Polyfluorinated compounds have been used since the 1950s in industrial applications and consumer products, including protective coatings (for paper, carpets, textiles and leathers), lubricants, paints, cosmetics, surfactants and fire-fighting foams. Perfluorinated alkyl acids such as the perfluorocarboxylic acids and perfluorosulfonic acids (where the carbon chain length can be typically 3 to 12 carbons) are the best known examples of these substances as they are ubiquitous
in the global environment, wildlife and humans. The persistence, bioaccumulation potential and toxicity of long-chain perfluorinated alkyl acids has led to scrutiny and some action by industry and regulators. For example, perfluorooctane sulfonate (PFOS) has been listed in Annex B of the Stockholm Convention, whereas industry have implemented measures to restrict environmental discharges and replace existing products.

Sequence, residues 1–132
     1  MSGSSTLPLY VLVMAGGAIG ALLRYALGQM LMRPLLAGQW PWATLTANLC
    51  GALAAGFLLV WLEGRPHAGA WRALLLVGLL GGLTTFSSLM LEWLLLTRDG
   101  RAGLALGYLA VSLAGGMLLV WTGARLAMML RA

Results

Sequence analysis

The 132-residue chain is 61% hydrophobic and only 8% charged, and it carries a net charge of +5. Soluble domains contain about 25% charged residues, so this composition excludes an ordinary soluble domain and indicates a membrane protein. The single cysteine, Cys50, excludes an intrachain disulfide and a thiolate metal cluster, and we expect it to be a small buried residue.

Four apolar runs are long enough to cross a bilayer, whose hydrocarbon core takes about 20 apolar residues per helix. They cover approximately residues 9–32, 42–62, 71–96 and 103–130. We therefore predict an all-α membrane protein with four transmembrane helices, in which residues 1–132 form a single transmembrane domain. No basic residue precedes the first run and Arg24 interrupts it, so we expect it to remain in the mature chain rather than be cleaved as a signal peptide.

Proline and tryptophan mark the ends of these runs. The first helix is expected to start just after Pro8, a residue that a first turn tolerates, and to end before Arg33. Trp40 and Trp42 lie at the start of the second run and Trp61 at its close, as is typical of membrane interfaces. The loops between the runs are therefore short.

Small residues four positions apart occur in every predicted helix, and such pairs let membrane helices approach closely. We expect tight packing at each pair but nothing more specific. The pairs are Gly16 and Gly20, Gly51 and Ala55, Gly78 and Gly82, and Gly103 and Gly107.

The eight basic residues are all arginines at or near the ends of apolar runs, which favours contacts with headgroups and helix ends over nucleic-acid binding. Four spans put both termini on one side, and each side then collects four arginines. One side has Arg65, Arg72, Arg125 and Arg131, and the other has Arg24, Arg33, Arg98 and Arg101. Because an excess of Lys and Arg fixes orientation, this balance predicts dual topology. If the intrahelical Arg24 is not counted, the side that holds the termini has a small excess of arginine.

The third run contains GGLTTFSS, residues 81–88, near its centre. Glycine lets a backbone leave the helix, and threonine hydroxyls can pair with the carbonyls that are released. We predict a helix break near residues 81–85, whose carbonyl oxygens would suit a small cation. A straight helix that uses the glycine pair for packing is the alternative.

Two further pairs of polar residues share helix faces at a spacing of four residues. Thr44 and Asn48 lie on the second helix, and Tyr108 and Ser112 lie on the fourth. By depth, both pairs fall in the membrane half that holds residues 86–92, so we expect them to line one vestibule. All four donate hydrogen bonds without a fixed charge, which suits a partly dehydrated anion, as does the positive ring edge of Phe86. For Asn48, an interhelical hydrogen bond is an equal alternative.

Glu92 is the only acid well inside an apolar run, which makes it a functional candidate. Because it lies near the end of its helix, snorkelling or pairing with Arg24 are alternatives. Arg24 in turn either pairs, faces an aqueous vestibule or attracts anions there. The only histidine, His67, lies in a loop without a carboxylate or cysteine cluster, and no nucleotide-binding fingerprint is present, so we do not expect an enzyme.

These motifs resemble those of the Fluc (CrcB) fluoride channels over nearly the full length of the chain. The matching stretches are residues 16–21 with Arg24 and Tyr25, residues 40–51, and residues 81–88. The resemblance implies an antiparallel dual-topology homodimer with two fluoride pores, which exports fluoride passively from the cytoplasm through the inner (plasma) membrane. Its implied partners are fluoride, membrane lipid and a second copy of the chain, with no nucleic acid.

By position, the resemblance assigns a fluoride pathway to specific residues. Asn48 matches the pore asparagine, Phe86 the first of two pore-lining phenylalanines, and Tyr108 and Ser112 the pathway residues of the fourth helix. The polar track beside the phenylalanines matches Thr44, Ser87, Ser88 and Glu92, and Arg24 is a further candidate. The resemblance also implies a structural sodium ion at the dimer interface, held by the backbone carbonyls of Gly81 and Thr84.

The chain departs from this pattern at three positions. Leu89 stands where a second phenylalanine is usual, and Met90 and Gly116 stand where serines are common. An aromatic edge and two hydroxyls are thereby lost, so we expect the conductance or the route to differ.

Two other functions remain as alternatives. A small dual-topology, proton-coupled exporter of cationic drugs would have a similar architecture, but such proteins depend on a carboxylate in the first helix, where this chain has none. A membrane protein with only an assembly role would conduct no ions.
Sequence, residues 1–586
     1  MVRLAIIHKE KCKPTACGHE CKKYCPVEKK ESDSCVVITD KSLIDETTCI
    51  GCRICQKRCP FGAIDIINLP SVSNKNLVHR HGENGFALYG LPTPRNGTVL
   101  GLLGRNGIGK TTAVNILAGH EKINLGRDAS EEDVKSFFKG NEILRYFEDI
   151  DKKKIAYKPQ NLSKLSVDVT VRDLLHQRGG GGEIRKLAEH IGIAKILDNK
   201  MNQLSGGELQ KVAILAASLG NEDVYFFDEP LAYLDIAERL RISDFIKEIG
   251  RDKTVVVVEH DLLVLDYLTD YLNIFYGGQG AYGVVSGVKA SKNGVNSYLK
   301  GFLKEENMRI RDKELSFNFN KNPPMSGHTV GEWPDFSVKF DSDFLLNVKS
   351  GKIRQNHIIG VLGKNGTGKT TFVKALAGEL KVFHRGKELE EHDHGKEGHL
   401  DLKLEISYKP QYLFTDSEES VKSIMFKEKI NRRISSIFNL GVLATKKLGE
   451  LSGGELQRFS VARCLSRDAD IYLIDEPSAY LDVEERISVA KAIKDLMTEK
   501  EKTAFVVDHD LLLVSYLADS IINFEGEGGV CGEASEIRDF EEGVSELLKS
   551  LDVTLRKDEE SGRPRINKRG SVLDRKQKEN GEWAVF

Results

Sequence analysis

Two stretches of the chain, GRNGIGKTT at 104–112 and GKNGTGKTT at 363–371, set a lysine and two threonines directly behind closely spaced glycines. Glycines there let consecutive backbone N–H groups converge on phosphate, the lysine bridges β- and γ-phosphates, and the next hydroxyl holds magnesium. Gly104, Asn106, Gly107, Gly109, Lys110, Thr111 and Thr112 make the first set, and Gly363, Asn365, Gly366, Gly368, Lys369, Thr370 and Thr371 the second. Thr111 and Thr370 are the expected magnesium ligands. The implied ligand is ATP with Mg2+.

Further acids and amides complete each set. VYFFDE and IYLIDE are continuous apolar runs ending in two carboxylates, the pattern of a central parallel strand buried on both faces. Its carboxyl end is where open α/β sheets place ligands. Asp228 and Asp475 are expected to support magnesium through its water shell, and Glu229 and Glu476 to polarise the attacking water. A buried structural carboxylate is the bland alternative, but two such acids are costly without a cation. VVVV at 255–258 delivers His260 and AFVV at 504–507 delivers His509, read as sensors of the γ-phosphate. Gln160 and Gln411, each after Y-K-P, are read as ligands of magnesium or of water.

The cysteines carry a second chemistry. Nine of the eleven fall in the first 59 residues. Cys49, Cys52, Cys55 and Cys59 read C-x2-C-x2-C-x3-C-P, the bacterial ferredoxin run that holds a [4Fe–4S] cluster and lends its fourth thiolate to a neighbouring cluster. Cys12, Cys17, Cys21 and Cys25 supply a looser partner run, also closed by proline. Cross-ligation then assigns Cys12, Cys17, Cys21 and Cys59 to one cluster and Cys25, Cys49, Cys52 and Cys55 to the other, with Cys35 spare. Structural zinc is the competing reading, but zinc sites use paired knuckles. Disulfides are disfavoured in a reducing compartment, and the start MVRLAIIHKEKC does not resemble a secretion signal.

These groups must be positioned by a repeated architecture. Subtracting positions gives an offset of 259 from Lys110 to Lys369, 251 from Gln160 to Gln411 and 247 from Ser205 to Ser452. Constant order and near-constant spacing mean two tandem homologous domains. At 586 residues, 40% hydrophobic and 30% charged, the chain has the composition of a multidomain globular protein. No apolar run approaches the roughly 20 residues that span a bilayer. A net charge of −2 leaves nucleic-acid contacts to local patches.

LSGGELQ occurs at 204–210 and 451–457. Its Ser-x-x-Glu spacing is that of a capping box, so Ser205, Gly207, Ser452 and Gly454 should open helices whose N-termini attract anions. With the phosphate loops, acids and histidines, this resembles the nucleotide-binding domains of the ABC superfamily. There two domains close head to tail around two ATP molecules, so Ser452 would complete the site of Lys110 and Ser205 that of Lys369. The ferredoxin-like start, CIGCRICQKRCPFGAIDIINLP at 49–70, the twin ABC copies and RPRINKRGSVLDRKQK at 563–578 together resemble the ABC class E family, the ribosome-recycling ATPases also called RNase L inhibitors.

Research on perfluorinated compounds is particularly important in Nordic countries, which act as bridge between industrialized areas and pristine (e.g. Arctic) environments that need to be protected. The fact that large quantities of PFCs are being conveyed into pristine environments by unknown mechanisms is unacceptable and Nordic countries need to foster competence in this field to know how best to protect the environment.
It is imperative that we better understand the fate and exposure (wildlife and human) of perfluorinated compounds as well as their breakdown products. Research should be undertaken on legacy (those already phased out), existing and replacement substances.